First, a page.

The last major step before installation was to put in the turning mechanism. Before I’d given up on the turntable the first time I had started to build a drive mechanism. It had worked fairly well, and I decided to re-use it. I’d made it from one of the resin worm gears, some 1/8” steel rod, some small metal corner braces, a couple of 1/8” bronze shoulder bearings and a few 1/8” shaft collars, all mounted of a small chunk of plywood. It was angled so the face of the worm gear would line up with a circle gear. I reasoned since I still had it I would try to make it work.
So I drilled out a matching 3” circle gear to fit on the ¼” driveshaft sticking down through the bottom of the turntable floor. I also drilled a small hole through the gear and into a ¼” shaft collar and epoxied them together with a short piece of wire to ensure the gear would not turn on its own.
The Diamond Scale turntable had an open assembly beneath the turntable that held the driveshaft in place, so I made one like it out of wood scraps and mounted it to the underside of my pit. It had a hole through it and a bronze shoulder bearing to keep the driveshaft aligned at right angles to the bottom of the turntable. Inside this assembly I mounted the circle gear on the shaft and put a shaft collar on the bottom of the driveshaft to hold everything together.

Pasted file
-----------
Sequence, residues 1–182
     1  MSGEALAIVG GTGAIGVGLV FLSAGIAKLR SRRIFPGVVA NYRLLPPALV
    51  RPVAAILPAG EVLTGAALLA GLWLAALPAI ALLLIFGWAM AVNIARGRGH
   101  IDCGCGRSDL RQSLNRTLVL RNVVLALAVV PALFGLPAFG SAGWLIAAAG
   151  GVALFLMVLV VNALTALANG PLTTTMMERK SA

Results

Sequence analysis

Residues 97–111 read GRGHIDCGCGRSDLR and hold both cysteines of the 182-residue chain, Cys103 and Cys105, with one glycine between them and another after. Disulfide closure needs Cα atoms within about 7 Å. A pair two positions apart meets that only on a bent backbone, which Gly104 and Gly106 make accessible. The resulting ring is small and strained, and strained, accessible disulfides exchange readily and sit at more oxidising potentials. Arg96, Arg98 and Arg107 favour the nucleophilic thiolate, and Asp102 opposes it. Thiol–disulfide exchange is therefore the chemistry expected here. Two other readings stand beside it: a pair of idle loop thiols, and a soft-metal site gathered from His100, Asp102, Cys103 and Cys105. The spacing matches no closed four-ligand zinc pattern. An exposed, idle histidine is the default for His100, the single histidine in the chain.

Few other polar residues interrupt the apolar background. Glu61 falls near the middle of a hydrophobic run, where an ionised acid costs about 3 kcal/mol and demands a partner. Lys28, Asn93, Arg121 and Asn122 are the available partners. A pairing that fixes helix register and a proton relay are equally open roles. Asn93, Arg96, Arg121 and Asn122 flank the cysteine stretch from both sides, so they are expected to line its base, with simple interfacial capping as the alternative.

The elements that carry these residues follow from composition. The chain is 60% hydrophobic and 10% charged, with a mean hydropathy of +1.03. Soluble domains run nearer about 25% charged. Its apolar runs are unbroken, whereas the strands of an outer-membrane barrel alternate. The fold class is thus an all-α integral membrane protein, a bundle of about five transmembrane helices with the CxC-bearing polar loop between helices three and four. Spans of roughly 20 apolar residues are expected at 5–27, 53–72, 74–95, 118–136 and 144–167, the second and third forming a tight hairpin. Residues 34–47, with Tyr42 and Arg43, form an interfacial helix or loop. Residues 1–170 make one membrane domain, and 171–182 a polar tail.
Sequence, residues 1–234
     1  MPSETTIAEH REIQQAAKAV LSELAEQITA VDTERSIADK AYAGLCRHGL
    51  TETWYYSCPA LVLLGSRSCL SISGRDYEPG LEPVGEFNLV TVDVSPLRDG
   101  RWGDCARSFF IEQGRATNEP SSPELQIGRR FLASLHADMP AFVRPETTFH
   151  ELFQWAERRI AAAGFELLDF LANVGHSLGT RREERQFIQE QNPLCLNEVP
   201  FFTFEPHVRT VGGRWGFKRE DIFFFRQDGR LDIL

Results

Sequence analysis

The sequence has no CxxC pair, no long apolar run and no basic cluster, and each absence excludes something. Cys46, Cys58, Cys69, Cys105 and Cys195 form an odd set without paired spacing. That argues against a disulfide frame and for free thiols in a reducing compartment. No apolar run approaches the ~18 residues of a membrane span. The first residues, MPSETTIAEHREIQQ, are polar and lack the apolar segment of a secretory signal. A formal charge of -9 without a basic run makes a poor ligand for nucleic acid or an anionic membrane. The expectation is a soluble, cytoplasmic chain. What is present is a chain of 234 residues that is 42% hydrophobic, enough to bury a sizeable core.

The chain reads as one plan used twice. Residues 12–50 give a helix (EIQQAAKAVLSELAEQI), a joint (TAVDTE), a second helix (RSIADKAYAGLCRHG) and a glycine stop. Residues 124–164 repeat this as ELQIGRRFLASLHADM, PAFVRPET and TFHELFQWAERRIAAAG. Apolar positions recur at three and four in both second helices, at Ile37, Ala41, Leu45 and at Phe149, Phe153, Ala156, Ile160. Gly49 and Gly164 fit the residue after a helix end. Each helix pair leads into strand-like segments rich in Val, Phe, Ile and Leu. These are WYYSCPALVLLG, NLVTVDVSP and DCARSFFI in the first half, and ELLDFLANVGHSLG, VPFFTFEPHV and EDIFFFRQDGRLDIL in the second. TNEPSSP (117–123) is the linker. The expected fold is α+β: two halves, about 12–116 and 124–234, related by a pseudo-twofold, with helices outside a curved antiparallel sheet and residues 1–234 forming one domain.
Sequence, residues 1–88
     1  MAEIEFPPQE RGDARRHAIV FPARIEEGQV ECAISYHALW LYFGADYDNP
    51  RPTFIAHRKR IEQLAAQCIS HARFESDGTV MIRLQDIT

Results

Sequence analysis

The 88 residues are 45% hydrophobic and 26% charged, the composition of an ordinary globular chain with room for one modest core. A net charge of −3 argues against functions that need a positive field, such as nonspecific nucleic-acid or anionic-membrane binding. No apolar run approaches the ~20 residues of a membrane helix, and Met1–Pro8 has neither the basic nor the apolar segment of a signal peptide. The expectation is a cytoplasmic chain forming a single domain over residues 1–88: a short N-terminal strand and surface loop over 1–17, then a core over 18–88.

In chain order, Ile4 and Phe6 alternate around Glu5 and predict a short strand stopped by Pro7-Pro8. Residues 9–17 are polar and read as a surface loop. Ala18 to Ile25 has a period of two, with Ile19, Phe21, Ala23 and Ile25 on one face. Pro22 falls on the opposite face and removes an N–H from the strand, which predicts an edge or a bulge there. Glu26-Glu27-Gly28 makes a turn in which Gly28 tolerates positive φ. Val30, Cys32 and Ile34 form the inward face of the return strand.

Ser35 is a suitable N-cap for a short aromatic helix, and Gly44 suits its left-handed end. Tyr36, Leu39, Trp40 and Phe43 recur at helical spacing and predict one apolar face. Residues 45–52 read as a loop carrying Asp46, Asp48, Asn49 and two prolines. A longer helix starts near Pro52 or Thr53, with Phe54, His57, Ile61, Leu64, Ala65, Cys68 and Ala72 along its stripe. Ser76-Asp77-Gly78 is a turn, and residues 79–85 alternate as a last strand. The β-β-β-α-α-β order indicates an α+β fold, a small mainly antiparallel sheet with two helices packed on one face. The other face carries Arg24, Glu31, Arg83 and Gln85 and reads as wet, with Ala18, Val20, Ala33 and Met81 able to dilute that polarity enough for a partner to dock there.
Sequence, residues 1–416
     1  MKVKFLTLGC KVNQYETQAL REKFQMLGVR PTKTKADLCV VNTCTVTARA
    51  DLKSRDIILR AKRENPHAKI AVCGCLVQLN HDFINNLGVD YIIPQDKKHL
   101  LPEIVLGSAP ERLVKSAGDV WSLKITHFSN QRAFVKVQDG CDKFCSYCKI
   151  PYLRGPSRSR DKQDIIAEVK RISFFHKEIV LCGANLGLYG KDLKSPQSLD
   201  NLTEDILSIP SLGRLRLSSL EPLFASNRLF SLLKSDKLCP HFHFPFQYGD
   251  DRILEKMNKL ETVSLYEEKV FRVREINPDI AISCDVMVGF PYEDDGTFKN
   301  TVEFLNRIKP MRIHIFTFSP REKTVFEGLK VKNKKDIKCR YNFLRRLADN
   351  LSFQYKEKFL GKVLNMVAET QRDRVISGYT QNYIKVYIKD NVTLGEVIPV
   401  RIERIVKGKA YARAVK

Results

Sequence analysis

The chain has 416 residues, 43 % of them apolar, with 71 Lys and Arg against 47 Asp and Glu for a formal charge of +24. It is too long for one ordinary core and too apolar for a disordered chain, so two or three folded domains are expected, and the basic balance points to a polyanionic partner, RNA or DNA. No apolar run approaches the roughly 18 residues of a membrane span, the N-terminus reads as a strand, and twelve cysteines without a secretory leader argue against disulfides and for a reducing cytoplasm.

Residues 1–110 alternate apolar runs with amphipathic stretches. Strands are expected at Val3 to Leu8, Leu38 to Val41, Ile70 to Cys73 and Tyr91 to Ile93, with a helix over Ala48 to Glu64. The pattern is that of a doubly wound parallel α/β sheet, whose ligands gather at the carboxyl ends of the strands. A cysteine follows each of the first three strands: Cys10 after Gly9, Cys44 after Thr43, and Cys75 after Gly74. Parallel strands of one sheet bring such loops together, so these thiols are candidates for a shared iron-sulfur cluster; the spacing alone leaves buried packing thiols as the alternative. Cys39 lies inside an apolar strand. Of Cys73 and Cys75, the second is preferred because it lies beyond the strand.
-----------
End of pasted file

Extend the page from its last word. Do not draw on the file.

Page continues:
I mounted the drive mechanism to the bottom of the turntable with glue, and positioned it so the worm and circle gear met up and meshed snugly. When the glue had dried I adjusted the circle gear to the optimal height and tightened down the shaft collar to hold it in place on the driveshaft. That completed major construction on the turntable and it was now ready to install.
We decided to install this turntable in Dock Yard to turn locomotives that terminated there. There had been a small turntable here in the 19th century so it was reasonable to do that, even though it had not been planned into the design. We found a spot for it in the back, squeezed between the backdrop and the main yard ladder track. We were able to install a turnout of the little yard lead I have that lined up with the turntable, so it seemed like a good place to use it.
To be honest, I did not perform the installation of this turntable, a couple of my friends did. So I can’t give any details about how it went, except to say that they were not happy the pit did not have a mounting flange. That made it much harder to put in, they tell me. I will certainly take that into account the next time I build a turntable. That said, they did get it installed and did a pretty good job too.
I came in when it was time to install the drive mechanism. I have a lot of experience installing the Diamond Scale drive mechanism for the Wilson Point turntable, and was able to use that for this one too. The Diamond Scale kit comes with a nice plastic hand crank, universal joints and bearings. I had to make my own crank from wood and buy U-joints from a model airplane outfit. I was able to use the bearings and shaft collars I already had around from my initial purchase.